There’s a whole lot of morbid fascination in The House of Yes, Matthew Parker’s directorial swansong at the Hope Theatre
“Were you poor? Did you eat chicken pot pie?”
For his final show as a director, outgoing AD of the Hope Theatre Matthew Parker (interview here) has turned once again to the ever-so-slightly macabre, in reviving Wendy MacLeod’s 1990 The House of Yes. And in a rather pleasing note, a host of familiar faces can be spotted in the cast – Bart Lambert (Thrill Me), Fergus Leathem (Brimstone and Treacle), Colette Eaton (Her Aching Heart) are joined by Gill King and Kaya Bucholc to take a step way onto the dark side.
The Pascals live in Washington DC but though it is 20 years since JFK’s assassination, the shadow of the Kennedys looms large over this clan. And over a hurricane-swept Thanksgiving, twin siblings Marty and Jackie-O are set to be reunited, though as he’s bringing a new fiancée Lesly and she’s got a pills-addled mother and horny younger brother in tow, it is clear this ain’t going to be your average family gathering. Continue reading “Review: The House of Yes, Hope Theatre”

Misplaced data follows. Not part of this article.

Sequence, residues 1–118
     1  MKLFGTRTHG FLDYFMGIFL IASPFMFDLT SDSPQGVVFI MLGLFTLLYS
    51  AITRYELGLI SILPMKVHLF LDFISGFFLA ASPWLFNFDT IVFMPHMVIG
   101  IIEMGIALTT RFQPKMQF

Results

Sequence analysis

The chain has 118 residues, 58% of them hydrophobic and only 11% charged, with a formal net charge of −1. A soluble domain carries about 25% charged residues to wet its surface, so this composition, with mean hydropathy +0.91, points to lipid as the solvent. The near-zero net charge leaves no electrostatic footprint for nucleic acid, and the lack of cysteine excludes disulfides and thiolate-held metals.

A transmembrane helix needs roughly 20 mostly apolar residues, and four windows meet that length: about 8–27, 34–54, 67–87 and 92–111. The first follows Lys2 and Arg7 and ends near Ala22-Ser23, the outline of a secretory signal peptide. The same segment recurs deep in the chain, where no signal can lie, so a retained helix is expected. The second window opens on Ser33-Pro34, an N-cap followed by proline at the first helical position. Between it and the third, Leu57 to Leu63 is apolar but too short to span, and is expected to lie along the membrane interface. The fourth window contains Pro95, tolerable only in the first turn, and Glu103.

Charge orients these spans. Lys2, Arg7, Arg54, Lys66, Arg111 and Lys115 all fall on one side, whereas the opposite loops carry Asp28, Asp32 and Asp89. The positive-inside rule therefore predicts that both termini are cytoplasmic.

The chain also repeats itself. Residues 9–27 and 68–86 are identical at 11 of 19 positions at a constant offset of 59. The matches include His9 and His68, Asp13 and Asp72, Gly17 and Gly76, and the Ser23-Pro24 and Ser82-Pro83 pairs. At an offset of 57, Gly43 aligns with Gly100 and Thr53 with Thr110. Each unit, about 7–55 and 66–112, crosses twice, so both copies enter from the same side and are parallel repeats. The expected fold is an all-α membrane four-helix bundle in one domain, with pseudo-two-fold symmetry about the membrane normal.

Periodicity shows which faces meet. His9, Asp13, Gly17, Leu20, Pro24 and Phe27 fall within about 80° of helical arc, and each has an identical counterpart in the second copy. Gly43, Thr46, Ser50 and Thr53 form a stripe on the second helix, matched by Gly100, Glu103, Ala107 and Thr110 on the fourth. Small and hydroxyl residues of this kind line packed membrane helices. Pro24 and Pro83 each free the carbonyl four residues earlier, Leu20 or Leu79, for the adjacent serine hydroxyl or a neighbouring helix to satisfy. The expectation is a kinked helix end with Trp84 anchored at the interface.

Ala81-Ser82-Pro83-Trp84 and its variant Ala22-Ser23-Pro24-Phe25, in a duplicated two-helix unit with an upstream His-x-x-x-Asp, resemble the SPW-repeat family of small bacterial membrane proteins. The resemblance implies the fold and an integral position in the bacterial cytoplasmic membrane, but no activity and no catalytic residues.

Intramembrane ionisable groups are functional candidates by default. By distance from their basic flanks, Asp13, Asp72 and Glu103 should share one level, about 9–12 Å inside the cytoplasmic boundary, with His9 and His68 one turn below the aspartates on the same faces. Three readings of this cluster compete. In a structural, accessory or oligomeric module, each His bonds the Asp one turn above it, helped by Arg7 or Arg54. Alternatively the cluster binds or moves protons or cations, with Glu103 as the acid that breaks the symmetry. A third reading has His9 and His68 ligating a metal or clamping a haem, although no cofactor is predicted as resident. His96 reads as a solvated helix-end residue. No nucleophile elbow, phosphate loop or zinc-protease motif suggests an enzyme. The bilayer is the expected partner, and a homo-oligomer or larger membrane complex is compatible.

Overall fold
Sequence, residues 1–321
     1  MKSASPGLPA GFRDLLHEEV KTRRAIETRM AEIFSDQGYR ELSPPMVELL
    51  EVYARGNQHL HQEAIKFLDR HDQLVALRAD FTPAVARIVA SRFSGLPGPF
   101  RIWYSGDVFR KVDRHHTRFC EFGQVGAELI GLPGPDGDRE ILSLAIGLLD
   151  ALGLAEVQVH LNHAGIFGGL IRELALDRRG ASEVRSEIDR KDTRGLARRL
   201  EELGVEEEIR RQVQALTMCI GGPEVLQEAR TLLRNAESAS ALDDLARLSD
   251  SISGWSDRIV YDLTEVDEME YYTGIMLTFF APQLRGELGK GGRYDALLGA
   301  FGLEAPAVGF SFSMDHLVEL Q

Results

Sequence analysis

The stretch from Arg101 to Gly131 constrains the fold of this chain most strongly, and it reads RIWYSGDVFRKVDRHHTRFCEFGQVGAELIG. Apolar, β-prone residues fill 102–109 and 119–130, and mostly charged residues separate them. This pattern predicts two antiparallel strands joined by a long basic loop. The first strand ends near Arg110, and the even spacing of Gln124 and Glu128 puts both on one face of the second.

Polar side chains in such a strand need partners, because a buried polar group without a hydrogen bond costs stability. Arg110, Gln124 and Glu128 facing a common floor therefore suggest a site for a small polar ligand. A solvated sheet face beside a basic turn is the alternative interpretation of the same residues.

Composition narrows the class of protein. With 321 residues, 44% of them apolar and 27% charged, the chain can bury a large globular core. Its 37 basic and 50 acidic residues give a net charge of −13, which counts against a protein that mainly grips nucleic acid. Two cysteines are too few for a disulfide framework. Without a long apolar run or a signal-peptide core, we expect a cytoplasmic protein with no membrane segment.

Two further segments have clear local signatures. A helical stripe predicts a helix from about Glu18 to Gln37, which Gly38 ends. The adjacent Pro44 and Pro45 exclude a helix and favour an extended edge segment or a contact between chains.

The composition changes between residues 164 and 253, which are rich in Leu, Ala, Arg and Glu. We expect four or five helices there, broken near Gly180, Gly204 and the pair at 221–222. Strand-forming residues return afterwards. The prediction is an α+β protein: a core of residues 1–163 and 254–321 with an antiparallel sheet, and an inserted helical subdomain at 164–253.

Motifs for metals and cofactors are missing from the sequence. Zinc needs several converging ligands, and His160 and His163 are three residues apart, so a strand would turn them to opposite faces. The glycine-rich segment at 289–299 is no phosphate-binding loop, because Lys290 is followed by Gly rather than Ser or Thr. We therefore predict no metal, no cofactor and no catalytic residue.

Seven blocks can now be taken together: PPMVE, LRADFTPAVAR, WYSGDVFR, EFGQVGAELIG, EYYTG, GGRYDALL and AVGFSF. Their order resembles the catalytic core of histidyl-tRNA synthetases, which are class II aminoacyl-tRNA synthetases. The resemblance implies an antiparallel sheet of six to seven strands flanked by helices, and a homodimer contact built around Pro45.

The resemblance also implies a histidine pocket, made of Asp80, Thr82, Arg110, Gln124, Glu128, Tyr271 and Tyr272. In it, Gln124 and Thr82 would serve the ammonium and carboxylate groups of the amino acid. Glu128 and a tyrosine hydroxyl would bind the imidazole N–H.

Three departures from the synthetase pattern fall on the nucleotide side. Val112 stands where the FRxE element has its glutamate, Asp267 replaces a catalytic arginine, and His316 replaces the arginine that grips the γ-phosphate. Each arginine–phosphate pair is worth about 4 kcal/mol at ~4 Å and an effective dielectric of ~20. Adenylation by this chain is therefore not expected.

“There is no God
There are no miracles”
Dennis Potter’s Brimstone and Treacle marks its 40th anniversary this year and so it’s as good a time as any to revive this dark drama that was so controversial on its release that the BBC banned it from its original Play For Today slot. It eventually played at Sheffield Crucible a year later and though it received a powerfully acted production (Tessa Peake-Jones, Rupert Friend) at the Arcola in 2012, Matthew Parker’s revival for his Hope Theatre feels perfectly poised to capitalise on its relevance to our fractured society.
Though written and set in the late 70s, Potter’s depiction of far-right politics, racism and homophobia, religious intolerance feels horribly recognisable. The way in which one character rationalises his decision to join the National Front has chilling new currency in this post-Brexit world and the supercilious smile that another character occasionally bares to the audience reflects nothing so much as the arrogance of Nigel Farage. Potter’s dramatic form of evil is naturally much more timeless but you can’t help but draw the parallels here. Continue reading “Review: Brimstone and Treacle, Hope Theatre”